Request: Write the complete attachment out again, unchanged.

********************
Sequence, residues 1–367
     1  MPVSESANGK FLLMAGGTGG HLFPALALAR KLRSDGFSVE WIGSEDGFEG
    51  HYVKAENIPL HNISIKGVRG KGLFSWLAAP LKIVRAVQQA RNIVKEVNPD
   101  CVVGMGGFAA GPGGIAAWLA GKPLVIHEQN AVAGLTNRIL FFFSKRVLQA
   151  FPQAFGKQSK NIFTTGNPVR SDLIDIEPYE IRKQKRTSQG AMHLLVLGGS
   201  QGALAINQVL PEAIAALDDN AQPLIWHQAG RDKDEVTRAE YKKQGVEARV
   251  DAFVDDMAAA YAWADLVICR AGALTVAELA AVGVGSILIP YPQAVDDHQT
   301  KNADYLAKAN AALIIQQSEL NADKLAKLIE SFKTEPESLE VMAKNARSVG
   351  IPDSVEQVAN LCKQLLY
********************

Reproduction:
Sequence, residues 1–367
     1  MPVSESANGK FLLMAGGTGG HLFPALALAR KLRSDGFSVE WIGSEDGFEG
    51  HYVKAENIPL HNISIKGVRG KGLFSWLAAP LKIVRAVQQA RNIVKEVNPD
   101  CVVGMGGFAA GPGGIAAWLA GKPLVIHEQN AVAGLTNRIL FFFSKRVLQA
   151  FPQAFGKQSK NIFTTGNPVR SDLIDIEPYE IRKQKRTSQG AMHLLVLGGS
   201  QGALAINQVL PEAIAALDDN AQPLIWHQAG RDKDEVTRAE YKKQGVEARV
   251  DAFVDDMAAA YAWADLVICR AGALTVAELA AVGVGSILIP YPQAVDDHQT
   301  KNADYLAKAN AALIIQQSEL NADKLAKLIE SFKTEPESLE VMAKNARSVG
   351  IPDSVEQVAN LCKQLLY